One of the more famous quotes giving us some insight into Jane Austen was by her brother Henry Austen in his “Biographical Notice of the Author” (1817), which prefaced the posthumous publication of Northanger Abbey and Persuasion in 1818:
“Her reading was very extensive in history and belles lettres; and her memory extremely tenacious. Her favourite moral writers were [Samuel] Johnson in prose, and [William] Cowper in verse. It is difficult to say at what age she was not intimately acquainted with the merits and defects of the best essays and novels in the English language.” [Biographical Notice, 1817]
And ever since, much has been made of both these writers, scholars mining Austen’s works to find any possible allusion to either.
Today I am going to deal with Samuel Johnson (see here for the Cowper volume we are hoping to return to Chawton). It is interesting to see which of his works or works about him are in the 1818 catalogue of Edward Austen’s Godmersham Park Library [GPL], and interesting to see the many that are not, Rasselas for example.
If we look at Austen’s letters, we find several references to Johnson: in November of 1798 she writes to Cassandra: “We have got Boswell’s ‘Tour to the Hebrides’, and are to have his ‘Life of Johnson’; and, as some money will yet remain in Burdon’s [a bookseller] hands, it is to be laid out in the purchase of Cowper’s works.” [Ltr. 12, Le Faye].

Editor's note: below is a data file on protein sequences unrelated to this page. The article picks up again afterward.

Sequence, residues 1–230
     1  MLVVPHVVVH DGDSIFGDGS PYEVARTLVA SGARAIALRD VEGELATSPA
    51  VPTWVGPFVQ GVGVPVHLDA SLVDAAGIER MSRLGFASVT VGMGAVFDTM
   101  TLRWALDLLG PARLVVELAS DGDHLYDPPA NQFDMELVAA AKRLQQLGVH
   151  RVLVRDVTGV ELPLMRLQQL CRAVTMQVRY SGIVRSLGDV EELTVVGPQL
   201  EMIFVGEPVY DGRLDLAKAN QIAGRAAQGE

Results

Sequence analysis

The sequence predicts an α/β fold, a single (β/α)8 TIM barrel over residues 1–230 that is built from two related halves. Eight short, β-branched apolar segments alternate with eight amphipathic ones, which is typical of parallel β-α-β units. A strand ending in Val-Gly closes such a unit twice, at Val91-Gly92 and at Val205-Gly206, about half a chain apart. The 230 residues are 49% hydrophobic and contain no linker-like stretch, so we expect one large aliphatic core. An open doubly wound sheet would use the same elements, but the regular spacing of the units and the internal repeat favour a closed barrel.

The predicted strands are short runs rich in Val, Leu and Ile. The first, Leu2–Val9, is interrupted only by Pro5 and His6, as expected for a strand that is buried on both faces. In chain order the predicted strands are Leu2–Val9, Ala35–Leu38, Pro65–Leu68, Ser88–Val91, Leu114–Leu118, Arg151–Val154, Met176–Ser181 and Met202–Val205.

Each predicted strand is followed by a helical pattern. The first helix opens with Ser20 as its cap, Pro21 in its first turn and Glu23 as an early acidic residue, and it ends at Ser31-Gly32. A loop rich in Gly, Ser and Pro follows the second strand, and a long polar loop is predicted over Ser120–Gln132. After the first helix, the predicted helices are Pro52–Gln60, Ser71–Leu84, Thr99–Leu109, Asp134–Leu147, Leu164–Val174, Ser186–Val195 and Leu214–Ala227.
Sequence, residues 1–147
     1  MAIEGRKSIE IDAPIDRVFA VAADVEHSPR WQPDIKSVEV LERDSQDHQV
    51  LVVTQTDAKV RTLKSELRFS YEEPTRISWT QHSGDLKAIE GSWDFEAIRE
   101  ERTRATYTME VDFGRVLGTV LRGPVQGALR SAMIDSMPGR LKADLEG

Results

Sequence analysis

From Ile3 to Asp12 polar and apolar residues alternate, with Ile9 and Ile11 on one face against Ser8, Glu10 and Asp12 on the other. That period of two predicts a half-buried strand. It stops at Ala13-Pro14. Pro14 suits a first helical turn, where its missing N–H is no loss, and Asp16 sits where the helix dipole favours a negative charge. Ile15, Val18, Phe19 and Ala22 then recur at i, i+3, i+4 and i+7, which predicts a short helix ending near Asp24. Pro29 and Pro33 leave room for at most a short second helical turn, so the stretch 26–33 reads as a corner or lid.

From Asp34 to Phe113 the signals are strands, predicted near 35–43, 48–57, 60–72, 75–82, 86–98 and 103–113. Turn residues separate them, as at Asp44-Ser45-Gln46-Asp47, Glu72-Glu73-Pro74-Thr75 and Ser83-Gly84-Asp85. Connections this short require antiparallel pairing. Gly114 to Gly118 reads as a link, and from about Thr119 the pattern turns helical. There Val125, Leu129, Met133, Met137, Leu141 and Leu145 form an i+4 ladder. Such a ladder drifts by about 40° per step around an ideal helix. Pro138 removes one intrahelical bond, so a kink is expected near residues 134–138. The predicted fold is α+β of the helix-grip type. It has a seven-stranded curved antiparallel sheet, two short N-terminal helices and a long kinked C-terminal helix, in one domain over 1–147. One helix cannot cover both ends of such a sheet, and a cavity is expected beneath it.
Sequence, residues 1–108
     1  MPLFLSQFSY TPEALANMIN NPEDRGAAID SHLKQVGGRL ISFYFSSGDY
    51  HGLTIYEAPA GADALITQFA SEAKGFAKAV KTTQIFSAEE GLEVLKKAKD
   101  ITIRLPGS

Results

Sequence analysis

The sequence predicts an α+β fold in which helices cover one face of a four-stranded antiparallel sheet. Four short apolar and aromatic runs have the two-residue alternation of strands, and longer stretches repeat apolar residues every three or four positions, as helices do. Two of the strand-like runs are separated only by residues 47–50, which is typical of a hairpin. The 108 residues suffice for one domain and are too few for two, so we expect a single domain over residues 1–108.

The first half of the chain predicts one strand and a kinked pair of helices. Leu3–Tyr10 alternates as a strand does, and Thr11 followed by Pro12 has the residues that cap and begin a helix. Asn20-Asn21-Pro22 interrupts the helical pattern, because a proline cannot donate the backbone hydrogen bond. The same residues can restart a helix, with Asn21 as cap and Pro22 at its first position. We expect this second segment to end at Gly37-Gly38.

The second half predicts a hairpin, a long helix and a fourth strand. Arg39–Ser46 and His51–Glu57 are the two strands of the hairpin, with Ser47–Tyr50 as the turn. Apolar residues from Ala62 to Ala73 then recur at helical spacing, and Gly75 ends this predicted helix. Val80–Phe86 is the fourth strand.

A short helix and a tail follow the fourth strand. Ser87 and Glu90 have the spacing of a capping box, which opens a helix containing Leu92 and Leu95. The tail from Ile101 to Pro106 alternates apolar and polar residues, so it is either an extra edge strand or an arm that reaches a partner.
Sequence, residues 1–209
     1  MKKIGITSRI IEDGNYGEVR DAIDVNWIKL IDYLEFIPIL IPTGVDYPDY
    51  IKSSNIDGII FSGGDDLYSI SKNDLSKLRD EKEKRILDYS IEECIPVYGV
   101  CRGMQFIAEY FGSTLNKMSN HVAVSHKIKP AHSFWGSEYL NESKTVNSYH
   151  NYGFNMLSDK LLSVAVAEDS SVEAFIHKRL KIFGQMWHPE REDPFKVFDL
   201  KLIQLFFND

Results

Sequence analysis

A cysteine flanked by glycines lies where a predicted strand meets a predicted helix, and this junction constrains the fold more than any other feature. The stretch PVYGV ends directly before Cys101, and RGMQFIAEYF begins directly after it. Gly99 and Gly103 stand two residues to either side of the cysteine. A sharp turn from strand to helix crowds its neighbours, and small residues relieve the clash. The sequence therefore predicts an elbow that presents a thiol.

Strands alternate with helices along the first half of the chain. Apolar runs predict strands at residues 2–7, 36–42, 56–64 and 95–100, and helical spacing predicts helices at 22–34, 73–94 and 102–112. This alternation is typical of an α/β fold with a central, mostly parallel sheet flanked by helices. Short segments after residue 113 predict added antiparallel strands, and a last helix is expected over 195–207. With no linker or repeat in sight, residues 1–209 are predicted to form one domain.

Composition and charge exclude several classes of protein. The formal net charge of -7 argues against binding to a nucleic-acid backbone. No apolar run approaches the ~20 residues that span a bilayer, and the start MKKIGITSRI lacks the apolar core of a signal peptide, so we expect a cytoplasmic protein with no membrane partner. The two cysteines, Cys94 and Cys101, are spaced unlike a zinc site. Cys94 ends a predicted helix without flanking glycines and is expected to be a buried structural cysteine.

Boswell’s The Journal of a Tour to the Hebrides (1785) was published as an accompaniment to Johnson’s own 1775 publication Journey to the Western Islands of Scotland (1775), both chronicling their trip together to Scotland in 1773. Boswell’s Life of Johnson was published in 1791. These two works that Austen mentions would be added to the family library at Steventon; so one wonders if when Mr. Austen moved the family to Bath in 1800, just two years later, were these books sold as part of his library of 500 books? And did Edward have either in his Godmersham Library? – The 1st edition of Boswell’s Life is listed and is unfortunately a Lost Sheep – interesting to note that it is listed in the typewritten 1908 catalogue, but is crossed out in two places. Boswell’s Tour is not noted in the GPL catalogue at all, but Johnson’s Journey is (see below – we found it in the archives of Amherst!).
In Letter 50 (February 8-9, 1807), Austen writes to Cassandra at Godmersham from Southampton:
“I flatter myself I have constructed you a Smartish Letter, considering my want of Materials. But like my dear Dr. Johnson, I believe I have dealt more in Notions than Facts.”
She is referring here to Johnson’s letter to Boswell of 4 July 1774, which reads:
“I WISH you could have looked over my book before the printer, but it could not easily be. I suspect some mistakes; but as I deal, perhaps, more in notions than in facts, the matter is not great, and the second edition will be mended, if any such there be. The press will go on slowly for a time, because I am going into Wales to-morrow.” [Life of Johnson, ii, 279].